British rider Cal Crutchlow will start tomorrow’s Mugello MotoGP race from fourth on the grid after he bounced back from a heavy qualifying crash to just miss out on a second front row start in 2013.
Crutchlow fell at Turn 3 after clipping a kerb on the inside while he was unsighted by water in his eyes caused by a hay fever problem he regularly suffers from.
The Monster Yamaha Tech 3 rider dropped back to seventh but after dashing back to the pits to jump on his second YZR-M1 machine, he produced a brilliant lap of 1.47.632 to miss the front row by just 0.004s.
Crutchlow, who has now qualified in fourth position at the last four races, told MCN: “It’s stupid what happened but I have had a problem with hay fever all weekend and at the end of the main straight my eyes are completely covered in water. I actually touched the kerb a couple of corners later because I still couldn’t see.
"Normally by the end of the first corner if I blink a few times it is fine but I was just unsighted and it made me hit the kerb on the inside and I twisted the gas and ended up falling off the side of the bike. It was a stupid crash.
"I could say I made a small mistake by hitting the kerb but I couldn’t even see it, so it was one of those stupid things. I got away with it fine and I will speak to Arai tonight to see if there is anything I can do to keep the wind out of it.
"When the weather is hot you need a little bit of air coming through but already before when I went out my eyes were dripping. It is only an issue at the end of the main straight but we have to be so careful with what we take because if we take one thing it makes us drowsy and if we take another it is illegal.”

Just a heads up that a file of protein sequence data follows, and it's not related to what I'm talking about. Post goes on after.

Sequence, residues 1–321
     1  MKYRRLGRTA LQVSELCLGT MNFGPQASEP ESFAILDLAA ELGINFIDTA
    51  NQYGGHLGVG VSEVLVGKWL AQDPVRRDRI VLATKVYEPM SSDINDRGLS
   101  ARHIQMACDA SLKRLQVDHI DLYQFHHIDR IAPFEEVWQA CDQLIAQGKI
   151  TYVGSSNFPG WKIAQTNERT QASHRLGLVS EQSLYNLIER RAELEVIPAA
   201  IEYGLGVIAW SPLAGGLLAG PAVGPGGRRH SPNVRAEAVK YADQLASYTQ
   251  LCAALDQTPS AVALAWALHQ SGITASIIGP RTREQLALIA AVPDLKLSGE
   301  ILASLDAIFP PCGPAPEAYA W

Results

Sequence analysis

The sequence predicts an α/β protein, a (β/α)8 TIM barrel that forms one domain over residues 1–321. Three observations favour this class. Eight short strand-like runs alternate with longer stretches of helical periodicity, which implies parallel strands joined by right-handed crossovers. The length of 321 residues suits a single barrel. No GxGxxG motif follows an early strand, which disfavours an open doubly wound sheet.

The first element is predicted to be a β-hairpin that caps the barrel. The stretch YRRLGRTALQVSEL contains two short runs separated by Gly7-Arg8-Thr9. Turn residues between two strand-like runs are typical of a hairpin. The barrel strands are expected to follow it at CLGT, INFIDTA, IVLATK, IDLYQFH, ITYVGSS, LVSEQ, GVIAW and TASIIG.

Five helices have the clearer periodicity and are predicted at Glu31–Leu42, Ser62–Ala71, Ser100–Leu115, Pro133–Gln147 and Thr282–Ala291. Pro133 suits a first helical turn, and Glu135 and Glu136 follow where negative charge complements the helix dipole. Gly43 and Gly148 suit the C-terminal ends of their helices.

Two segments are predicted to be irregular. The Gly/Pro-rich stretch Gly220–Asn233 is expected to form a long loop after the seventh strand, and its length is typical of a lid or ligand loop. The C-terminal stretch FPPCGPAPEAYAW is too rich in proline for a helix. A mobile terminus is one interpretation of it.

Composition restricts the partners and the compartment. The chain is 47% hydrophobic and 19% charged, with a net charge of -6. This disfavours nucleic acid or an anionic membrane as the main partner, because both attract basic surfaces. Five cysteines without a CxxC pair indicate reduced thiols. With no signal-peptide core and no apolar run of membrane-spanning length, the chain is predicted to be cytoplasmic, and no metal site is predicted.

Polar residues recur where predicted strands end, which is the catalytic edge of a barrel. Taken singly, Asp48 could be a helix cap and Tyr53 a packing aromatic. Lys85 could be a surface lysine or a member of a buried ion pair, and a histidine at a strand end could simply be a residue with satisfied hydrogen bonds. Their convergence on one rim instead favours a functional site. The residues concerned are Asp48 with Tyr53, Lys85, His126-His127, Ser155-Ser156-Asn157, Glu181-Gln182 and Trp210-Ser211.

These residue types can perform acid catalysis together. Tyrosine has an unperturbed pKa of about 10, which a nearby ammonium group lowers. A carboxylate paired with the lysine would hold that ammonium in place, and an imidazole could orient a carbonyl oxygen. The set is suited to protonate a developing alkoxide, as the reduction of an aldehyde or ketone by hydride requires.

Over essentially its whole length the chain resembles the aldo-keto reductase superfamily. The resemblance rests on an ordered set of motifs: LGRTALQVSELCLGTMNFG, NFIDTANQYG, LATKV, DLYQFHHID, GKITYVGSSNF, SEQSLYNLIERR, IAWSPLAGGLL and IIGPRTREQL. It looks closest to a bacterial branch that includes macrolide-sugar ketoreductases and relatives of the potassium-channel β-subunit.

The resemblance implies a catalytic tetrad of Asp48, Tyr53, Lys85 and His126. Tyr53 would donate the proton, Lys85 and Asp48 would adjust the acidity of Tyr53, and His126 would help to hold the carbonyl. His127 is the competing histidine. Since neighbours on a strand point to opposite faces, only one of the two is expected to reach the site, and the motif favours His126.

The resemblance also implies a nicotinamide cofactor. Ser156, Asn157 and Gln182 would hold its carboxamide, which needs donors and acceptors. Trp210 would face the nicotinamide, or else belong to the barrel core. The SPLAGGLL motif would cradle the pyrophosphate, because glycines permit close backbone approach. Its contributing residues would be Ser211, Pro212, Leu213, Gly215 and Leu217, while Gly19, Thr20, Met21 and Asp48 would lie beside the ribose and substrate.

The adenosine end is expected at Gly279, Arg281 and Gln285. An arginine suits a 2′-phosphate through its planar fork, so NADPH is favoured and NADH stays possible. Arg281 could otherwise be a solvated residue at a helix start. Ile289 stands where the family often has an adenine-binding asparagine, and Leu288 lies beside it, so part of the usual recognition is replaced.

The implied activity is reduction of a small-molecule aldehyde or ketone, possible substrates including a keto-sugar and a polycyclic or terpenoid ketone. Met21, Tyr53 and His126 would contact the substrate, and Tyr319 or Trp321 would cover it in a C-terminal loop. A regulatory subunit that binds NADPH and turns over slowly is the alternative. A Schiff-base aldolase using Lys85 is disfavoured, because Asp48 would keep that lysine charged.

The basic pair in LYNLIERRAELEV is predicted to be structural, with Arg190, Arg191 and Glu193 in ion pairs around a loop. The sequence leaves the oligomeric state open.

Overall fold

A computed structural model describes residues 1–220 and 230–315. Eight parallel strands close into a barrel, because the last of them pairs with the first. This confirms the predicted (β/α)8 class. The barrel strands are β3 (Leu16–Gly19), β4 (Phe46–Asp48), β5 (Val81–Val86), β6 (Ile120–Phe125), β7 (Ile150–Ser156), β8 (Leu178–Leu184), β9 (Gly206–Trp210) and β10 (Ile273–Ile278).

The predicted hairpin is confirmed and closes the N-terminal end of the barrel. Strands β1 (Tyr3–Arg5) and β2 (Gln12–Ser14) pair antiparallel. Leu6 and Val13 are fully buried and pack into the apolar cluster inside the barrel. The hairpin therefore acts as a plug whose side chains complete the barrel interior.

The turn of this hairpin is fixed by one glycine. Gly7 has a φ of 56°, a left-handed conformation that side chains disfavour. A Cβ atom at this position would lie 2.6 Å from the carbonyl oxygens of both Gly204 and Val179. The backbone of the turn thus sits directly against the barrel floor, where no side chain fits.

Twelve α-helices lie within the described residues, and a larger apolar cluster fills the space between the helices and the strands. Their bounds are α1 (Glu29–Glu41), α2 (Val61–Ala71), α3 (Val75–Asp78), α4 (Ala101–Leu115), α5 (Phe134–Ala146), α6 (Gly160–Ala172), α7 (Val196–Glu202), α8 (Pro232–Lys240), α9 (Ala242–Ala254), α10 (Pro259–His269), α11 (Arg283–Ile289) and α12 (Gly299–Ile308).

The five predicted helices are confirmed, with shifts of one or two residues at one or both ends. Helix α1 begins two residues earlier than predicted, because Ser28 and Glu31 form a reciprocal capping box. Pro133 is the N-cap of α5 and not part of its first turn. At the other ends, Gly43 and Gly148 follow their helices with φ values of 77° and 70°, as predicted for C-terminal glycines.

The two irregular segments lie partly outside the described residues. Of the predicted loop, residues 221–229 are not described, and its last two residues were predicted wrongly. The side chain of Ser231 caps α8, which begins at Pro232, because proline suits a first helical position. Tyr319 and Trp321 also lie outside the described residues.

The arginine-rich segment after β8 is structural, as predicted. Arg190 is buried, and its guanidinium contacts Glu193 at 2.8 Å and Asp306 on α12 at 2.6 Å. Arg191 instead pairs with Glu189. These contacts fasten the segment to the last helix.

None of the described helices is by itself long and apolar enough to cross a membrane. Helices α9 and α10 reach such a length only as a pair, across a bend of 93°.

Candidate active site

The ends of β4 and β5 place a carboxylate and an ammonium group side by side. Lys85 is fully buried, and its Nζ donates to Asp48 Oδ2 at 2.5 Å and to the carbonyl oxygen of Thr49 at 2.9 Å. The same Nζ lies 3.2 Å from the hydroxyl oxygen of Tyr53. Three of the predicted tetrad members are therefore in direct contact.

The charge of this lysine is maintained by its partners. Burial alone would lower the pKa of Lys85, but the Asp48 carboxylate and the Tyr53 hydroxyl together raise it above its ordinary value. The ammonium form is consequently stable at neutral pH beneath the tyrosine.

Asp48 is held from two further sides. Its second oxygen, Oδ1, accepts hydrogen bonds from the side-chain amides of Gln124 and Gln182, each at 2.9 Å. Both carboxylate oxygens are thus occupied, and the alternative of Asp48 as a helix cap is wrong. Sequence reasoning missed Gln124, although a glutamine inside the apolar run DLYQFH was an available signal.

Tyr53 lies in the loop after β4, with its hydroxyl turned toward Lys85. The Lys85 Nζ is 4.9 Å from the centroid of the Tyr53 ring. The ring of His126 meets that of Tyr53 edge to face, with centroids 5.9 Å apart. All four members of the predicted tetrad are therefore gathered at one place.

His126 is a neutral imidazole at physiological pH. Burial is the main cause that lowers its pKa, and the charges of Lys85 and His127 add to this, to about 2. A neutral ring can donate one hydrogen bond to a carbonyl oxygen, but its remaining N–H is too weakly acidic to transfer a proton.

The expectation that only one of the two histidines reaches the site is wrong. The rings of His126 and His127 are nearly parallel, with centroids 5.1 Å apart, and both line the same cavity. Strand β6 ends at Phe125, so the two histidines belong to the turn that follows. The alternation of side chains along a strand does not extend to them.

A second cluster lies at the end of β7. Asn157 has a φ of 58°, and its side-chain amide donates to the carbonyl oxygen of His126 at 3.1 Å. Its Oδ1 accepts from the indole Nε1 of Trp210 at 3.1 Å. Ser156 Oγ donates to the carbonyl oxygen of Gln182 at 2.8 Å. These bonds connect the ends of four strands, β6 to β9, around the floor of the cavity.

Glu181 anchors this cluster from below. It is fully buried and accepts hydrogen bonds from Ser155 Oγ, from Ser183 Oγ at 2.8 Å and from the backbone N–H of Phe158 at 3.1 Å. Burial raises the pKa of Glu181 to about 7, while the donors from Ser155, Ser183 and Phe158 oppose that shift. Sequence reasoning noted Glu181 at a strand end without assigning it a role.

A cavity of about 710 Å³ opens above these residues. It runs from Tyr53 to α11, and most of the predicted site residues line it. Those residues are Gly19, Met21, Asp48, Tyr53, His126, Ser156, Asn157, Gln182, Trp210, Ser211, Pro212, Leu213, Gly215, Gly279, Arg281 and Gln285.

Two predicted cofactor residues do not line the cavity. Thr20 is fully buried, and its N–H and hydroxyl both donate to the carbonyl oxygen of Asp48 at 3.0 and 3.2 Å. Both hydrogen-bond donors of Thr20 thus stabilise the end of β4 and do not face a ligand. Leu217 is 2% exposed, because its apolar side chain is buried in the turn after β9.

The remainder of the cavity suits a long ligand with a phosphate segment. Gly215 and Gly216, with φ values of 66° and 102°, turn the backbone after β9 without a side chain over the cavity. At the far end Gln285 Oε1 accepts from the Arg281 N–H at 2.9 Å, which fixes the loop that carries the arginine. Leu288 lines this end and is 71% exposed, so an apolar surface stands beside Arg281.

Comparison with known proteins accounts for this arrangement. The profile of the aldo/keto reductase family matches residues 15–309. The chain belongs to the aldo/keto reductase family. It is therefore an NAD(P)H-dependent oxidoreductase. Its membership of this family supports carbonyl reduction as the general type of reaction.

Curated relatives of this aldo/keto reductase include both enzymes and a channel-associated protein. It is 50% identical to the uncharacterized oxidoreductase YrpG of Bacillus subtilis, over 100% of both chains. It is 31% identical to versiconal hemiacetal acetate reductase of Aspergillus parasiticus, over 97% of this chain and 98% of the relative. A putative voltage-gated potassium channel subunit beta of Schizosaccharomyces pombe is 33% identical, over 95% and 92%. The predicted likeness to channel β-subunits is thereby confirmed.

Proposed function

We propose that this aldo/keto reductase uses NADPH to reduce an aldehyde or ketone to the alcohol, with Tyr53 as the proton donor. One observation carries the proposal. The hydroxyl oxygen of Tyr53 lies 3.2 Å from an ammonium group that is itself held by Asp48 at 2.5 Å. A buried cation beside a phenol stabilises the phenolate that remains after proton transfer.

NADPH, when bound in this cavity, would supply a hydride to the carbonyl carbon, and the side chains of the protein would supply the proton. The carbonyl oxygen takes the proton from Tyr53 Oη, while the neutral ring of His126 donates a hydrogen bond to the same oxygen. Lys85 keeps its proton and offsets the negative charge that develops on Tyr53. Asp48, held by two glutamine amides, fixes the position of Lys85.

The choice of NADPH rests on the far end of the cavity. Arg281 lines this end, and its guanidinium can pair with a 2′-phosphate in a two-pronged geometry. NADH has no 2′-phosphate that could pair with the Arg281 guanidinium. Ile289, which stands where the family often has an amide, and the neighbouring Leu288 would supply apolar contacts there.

The crash wasn’t completely negative for the 27-year-old, who has been struggling with stability issues throughout the weekend.
He inadvertently found a more confidence-inspiring feeling with the front-end on his second machine and he added: “The big positive is I jumped on the other bike and that was better, so I was pleased with that.
"I had no front feeling with the bike I crashed and I wasn’t going so fast and then when I came in on the second bike after I'd done my fastest lap I said the front felt quite good and the front tyre was 22 laps old. If I had that feeling after 22 laps tomorrow I would be happy.”
The former World Supersport champion though admits beating Spanish duo Dani Pedrosa and Jorge Lorenzo in tomorrow’s 23-lap race will be a tough task, given their superior pace so far in practice and qualifying.
Crutchlow, who claimed a career best second place in Le Mans last time out, said he would be happy to leave Italy with a top five and he added: “It is going to be tough to beat Lorenzo or Pedrosa. As far as I can see they will be 10 seconds ahead of everybody else but we have tried the bike long and short and I’ve been struggling with stability.
"The bike has a lot of movement and I was losing so much in the braking for Turn 1 just through the bike moving around way too much. Me, Dovi, Valentino (Rossi), Marc (Marquez), (Stefan) Bradl and (Alvaro) Bautista are all on a similar pace and it is going to be a big battle for the podium tomorrow I’m sure.
"I’m surprised the Ducati wasn’t a little bit quicker after two days testing and I thought they could challenge for the win but they have done a good job for Dovi to be on the front row and he is a good bet to be on the podium tomorrow. No doubt me and Valentino can challenge them but his bike looks good.”
The Ducati GP13 has tended to fade badly in dry conditions in the second half of races with excessive rear tyre wear, but Crutchlow believes Dovizioso can be a podium contender tomorrow.
He said: “Dovi is clever and we know Mugello is one of his strongest tracks and he is very strong in braking into slow corners like into Turn 1. His bike is fast and he makes some good passes and he is good when he has got guys in front of him, so if he can hang onto them he will be there.
"I will be happy with a top five tomorrow because Mugello is one of the best tracks in the world but I struggle on it. But the bike is working good even though we can’t find the best setting.
"Nobody on the Yamaha is as fast as Lorenzo and I can’t really do much else but I am close enough with how things are working.”